SKY will not necessarily be able to handle installations in commercial or communal settings, as a SKY Q installation might require a serious overhaul or changes to some very expensive equipment in multiple-dwelling units (MDU). Working out who is responsible for this equipment, getting landlord’s permission and ensuring that other users in the MDU are not affected by a new SKY Q installation is territory that SKY would rather avoid, thus this is where the tradition Satellite/TV installer has to get involved with a SKY Q installation.

So what are my concerns?

Well my concerns are thus:

  • It is not a true multi-room video distribution system, and I fear consumers might interpret this system as being one. Thus, you would still need a traditional video distribution system if you want other video sources to be distributed around your home, and if you have invested in this infrastructure, then there is really little point in going for SKY Q other than the increased storage space, 4K content (which has yet to appear, and we do not have any details of what this content will be and how much of it there will be) and being able to view on your iPad – although viewing live broadcasts on a tablet PC is possible with devices that the price of a month’s subscription on SKY Q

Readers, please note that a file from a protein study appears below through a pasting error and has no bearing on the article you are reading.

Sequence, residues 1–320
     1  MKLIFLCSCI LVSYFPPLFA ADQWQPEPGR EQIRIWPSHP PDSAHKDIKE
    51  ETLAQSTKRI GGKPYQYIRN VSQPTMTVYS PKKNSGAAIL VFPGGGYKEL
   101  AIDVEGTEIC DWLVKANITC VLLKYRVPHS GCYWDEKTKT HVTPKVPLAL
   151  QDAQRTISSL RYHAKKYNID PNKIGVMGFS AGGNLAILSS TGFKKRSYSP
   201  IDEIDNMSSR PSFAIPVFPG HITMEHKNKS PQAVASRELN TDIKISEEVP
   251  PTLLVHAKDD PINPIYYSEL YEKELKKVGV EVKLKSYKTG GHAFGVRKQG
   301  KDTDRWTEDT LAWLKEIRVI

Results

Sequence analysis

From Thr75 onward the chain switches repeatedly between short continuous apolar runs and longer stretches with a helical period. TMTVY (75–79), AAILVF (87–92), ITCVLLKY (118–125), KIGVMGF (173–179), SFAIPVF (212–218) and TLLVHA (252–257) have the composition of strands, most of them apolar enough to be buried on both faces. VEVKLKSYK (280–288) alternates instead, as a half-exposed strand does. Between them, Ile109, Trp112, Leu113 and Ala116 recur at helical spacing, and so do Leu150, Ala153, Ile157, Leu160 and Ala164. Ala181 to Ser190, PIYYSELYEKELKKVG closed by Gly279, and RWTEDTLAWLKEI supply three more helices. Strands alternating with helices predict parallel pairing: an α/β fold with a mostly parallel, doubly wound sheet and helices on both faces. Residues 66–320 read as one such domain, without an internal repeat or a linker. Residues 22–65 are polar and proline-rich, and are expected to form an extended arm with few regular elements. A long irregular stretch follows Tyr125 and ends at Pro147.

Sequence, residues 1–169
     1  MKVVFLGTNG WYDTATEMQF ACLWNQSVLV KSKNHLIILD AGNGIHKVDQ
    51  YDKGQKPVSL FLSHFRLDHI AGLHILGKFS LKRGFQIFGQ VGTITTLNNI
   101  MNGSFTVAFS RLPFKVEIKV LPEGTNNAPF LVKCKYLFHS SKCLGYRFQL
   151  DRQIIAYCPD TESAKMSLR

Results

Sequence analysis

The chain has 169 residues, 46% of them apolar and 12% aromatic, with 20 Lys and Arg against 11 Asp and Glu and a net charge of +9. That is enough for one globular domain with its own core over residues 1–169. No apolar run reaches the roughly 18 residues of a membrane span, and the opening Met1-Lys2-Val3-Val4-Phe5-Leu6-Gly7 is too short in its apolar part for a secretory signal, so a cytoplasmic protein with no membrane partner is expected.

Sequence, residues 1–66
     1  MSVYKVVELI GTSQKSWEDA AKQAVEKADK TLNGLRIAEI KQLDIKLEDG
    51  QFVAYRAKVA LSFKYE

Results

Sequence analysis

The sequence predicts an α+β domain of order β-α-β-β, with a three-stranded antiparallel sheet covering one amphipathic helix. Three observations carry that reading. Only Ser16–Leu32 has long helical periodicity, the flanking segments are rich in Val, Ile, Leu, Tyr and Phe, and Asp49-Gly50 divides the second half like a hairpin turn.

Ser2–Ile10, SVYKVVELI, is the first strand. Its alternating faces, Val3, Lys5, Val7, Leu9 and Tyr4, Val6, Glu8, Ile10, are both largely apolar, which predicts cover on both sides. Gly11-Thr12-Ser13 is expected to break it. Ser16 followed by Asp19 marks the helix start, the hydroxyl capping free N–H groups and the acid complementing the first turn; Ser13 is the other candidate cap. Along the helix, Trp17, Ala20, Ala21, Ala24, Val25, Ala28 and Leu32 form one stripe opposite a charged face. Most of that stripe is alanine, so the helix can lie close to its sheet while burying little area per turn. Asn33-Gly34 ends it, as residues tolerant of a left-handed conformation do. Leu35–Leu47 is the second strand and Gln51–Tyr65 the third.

• The changes applied to your SKY dish could render other other set-top boxes/receivers useless – for example FreeSAT. You might very well need to install separate infrastructure to support the reception of FreeSAT and potentially you terrestrial TV signal too – so you could potentially have two dishes outside your home, or you will need to invest in new switching hardware. This issue obviously does not faze SKY in the least as this effectively wipes out their competing off-air services quite conveniently. This is not impossible to fix, but it has definite repercussions on end-users who use their satellite dish and TV/Satellite distribution systems for something other than SKY only.